To breed or not to breed, that is the question... - Page 2 - German Shepherd Dog Forums
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post #11 of 229 (permalink) Old 08-12-2014, 12:26 PM
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post #12 of 229 (permalink) Old 08-12-2014, 12:29 PM
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Buying from a breeder does not mean a shelter dog dies. That is such a ridiculous argument.
i have never understood this logic
if nobody adopts a shelter dog then yes it does die

how is that not true
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post #13 of 229 (permalink) Old 08-12-2014, 12:35 PM
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Saying purchasing from a breeder is killing a shelter dog is truly a load of garbage. It's a chicken/egg argument, the dog was bred somewhere in the world and all dogs deserve a loving home. Where it comes from once it's born is irrelevant to the worthiness of the dog to live in a good home

If every dog was never bred again, well there would be no more dogs very quickly wouldn't there. What we need are more breeders that health test, title, and are truly working at sustaining and improving the breed rather than just breeding two dogs because they are pretty or the family wants a puppy from their special dog. Everyone believes their dog is special, but that doesn't mean they are special enough to add more dogs into the world.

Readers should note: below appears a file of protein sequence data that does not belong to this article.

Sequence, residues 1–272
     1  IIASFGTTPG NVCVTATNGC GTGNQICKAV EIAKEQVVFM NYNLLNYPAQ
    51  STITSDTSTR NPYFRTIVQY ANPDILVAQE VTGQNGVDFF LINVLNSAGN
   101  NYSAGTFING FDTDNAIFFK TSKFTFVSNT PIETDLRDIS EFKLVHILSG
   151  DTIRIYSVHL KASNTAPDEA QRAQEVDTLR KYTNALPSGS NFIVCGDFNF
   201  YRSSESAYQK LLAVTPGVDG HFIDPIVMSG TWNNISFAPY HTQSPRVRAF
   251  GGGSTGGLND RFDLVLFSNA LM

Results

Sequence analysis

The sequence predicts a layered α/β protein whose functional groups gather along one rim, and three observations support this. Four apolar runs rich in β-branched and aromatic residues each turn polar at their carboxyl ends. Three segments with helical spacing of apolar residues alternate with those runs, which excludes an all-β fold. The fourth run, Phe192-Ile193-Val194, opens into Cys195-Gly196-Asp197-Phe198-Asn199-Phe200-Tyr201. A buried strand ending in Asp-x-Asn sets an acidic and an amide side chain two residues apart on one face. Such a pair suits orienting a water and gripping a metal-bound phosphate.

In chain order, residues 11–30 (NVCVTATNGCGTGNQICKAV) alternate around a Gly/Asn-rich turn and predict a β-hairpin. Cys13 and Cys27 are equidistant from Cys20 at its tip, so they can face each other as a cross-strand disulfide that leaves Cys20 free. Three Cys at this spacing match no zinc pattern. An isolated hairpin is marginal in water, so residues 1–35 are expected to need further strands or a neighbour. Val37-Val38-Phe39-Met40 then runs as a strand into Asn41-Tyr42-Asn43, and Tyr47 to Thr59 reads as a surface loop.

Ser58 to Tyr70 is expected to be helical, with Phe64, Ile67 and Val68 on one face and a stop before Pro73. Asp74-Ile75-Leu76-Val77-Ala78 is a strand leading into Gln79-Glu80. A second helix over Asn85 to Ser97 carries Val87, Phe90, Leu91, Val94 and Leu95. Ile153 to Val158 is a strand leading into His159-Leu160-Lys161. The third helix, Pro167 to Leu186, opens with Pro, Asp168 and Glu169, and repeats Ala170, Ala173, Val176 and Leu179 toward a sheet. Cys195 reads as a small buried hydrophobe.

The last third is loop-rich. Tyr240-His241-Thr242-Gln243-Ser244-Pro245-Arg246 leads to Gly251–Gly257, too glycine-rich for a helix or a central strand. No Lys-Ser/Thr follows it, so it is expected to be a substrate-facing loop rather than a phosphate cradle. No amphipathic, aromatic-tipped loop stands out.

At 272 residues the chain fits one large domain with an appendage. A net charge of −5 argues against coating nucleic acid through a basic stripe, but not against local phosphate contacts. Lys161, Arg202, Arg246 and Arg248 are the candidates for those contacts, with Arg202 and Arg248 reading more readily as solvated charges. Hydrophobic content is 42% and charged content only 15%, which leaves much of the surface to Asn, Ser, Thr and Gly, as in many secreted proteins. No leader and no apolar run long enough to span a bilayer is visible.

I have a dog from a reputable breeder, I stupidly bought a dog from a BYB, and my first dog was rescued from a shelter. I currently volunteer with a local rescue and my parents foster for the same rescue. All my dogs were and are special in their own way, but from now on I completely leave the breeding to the people that spend years researching and planning. If you want a great dog, stack the odds in your favour


On the flip side there are many awful rescues and shelters out there just grabbing animals left and right so they can make a buck 'selling' them to Joe Public without a thought to the quality of life that animal will have. They just want to look good in the public eye and make money under the table. Those people disgust me just as much as awful breeders do